In Plane View
This is the Age of Extermination.
We've seen similar ages before, with predictably horrific results. But the present age is wider, deeper, deadlier, and will go on for some time. Perhaps for the rest of time. Hard to say in these early stages. But the worst has yet to arrive, and when it does, something even worse will inevitably follow.
Unhappy thoughts, I know. So we shop and bop and pretend that it's all happening in another world, one of the privileges of Western living. Yet even in our glittering cocoon, there is anger, anxiety, fear, deceit, trepidation, insanity. The rest of the world's misery seeps into our many distractions, though we don't have the full awareness or honesty to call it what it really is -- the beginning of some kind of end. This is why eliminationist rhetoric is gaining traction and becoming mainstream.
There are no exterminating angels. Just exterminators, and the exterminated.
I knew a young Persian woman many years ago who said she could slow bombs with her mind. I thought she was yanking my chain, looking to see how much fantasy I was willing to swallow. But she insisted that she was quite serious. She told me that one had to look beyond the crude physicality of the bomb or missile, and focus on the current it created before exploding.
"You can slow them enough get away or find shelter," she insisted, serenely smiling, dark brown eyes unblinking. "It's not easy, but it can be done, until they make even more destructive weapons. Then the process begins again."
This was why you sometimes saw people crawl out of rubble still alive, she said. Not everyone can do it, however, since not everyone believes it's possible.
"But anything's possible on this plane. It's all shaped by our minds."
What about a nuclear weapon? I asked. Even if you slow it, an explosion is still inevitable, and there's no chance of crawling out from under that.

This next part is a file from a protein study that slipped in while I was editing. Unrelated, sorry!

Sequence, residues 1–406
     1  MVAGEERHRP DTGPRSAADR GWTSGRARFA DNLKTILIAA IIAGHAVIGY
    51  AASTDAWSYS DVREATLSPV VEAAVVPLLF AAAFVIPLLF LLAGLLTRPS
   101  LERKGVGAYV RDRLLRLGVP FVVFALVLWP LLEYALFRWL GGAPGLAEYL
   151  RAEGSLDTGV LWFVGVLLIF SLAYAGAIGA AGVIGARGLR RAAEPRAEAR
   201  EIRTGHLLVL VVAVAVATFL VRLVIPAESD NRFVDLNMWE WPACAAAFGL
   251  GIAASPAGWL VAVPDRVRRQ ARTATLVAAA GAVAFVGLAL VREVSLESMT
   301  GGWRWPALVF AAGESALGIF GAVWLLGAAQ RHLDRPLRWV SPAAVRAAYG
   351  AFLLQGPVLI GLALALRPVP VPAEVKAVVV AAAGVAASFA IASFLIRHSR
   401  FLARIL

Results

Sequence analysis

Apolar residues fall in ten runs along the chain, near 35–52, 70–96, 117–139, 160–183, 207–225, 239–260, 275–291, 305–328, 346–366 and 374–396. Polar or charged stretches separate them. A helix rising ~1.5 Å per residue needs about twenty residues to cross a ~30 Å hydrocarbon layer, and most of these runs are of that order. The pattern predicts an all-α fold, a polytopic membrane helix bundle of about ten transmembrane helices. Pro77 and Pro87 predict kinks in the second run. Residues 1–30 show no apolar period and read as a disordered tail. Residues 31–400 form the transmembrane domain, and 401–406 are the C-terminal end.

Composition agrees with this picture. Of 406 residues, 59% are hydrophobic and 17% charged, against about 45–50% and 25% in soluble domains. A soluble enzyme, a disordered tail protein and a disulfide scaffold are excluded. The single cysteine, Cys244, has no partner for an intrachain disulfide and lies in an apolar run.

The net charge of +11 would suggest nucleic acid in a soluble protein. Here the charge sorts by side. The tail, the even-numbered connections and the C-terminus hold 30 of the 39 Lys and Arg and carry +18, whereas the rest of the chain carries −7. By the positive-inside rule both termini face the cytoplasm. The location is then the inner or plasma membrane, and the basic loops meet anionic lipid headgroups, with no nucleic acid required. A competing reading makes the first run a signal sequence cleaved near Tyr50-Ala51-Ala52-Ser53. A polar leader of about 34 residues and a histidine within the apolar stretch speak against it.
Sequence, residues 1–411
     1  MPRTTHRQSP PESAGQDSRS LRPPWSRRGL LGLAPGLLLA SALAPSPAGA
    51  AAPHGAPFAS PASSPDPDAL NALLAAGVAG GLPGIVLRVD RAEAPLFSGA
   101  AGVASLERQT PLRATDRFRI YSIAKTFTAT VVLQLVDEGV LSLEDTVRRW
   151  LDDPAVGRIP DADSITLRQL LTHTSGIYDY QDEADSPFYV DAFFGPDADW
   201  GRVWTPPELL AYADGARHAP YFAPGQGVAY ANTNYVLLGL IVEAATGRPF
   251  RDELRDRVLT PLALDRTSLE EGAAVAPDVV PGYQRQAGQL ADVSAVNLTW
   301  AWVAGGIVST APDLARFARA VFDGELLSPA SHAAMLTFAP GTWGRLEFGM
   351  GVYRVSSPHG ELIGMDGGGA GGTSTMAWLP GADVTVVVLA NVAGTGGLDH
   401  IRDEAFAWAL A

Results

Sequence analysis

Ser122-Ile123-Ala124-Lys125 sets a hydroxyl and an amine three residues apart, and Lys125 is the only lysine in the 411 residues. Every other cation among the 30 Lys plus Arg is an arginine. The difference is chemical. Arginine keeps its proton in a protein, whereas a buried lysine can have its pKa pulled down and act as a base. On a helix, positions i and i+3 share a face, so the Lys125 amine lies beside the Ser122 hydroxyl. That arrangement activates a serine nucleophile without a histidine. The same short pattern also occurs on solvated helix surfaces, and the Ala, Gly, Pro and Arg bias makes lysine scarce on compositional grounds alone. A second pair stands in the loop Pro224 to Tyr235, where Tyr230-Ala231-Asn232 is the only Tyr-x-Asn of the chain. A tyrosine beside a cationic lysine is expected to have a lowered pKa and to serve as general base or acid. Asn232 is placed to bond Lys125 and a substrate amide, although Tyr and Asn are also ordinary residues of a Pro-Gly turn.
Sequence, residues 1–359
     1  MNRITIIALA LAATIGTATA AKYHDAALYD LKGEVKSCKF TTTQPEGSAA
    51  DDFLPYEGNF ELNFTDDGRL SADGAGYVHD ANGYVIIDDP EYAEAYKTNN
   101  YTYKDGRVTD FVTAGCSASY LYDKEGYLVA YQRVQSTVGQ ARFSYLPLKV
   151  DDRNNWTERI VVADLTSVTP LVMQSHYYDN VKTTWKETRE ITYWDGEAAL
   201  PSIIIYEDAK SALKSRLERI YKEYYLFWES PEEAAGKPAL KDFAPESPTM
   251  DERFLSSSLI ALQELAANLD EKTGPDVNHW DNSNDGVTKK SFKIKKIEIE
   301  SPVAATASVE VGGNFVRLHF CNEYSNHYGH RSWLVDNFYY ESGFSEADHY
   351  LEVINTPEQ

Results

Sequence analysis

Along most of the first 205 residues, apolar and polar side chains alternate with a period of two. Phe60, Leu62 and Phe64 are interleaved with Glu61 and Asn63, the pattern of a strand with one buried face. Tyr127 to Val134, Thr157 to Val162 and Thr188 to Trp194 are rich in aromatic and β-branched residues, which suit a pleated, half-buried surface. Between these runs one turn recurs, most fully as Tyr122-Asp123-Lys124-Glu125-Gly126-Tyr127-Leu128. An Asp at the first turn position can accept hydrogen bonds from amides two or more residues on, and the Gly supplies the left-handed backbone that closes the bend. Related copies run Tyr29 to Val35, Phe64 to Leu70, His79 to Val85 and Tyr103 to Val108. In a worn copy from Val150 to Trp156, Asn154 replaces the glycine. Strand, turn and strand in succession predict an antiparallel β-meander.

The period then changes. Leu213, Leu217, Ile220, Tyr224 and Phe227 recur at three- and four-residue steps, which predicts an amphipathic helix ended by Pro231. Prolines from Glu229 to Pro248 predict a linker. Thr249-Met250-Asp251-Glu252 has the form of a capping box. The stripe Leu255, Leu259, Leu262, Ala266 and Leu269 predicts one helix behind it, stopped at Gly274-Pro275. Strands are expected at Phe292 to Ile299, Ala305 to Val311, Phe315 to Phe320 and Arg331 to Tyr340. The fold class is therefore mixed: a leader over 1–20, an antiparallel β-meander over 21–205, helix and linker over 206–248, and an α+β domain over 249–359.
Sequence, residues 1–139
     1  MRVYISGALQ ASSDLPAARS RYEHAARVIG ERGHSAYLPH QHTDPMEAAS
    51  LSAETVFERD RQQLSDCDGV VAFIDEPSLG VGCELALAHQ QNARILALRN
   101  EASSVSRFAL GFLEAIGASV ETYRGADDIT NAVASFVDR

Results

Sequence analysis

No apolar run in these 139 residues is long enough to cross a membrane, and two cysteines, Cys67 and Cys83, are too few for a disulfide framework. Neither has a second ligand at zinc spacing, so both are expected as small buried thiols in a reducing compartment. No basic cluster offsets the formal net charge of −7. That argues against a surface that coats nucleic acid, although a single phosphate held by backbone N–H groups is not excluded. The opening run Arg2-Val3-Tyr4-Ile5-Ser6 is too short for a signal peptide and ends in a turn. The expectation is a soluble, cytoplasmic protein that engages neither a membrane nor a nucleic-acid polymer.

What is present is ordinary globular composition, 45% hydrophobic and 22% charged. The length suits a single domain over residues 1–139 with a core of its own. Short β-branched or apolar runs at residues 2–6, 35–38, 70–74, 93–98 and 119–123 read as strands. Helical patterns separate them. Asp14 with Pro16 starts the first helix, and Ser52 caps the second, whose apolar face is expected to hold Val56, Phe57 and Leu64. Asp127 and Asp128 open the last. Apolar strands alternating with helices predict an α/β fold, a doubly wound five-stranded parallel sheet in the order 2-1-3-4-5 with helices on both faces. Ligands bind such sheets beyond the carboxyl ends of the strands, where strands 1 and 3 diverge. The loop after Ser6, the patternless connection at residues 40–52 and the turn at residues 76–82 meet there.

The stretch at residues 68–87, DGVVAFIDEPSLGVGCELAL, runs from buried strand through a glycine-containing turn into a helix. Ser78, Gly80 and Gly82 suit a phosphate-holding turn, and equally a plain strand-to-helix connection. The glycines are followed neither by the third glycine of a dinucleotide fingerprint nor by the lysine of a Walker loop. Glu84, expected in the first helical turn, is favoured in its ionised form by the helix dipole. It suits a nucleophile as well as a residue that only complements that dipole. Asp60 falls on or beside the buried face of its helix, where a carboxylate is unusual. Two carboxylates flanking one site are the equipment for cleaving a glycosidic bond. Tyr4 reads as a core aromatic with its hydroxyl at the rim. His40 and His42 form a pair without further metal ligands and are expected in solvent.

She laughed. "You walk right into the blast and embrace the collision of molecules. Because when those bombs are unleashed, there'll be nothing else to do except be one with extermination."
"That's bleak as hell."
"Not really. All it will mean is that we've decided to move past this world. We won't kill ourselves accidentally. When we push the final buttons, it will be intentional, conscious. It will be the end of fear and hatred."
"It'll be the end of everything."
She kissed me, stroked my hair, and strode down Lafayette Street, leaving me standing on the corner, trying to make sense of our exchange. My mind couldn't comprehend her statements at that moment, but when I now read or hear about one armed faction hoping to liquidate another faction, not for base material reasons, but for the glory of God, of nation, of flag, of culture, I think back to our discussion, and wonder if perhaps she was a person lost in time, giving me a sneak preview of what was to come.
Maybe she was crazy. Maybe she was Death. Maybe she was the doorway to something unseen. But she wasn't wrong, and as these brutal months pass, her vision seems less fantastic and more to the point of where we currently stand.
Focus on the bombs as they fall or begin to detonate. Whether or not you can slow them enough to survive is impossible to say, but in an Age of Extermination, such focus is all that remains -- until there remains nothing else.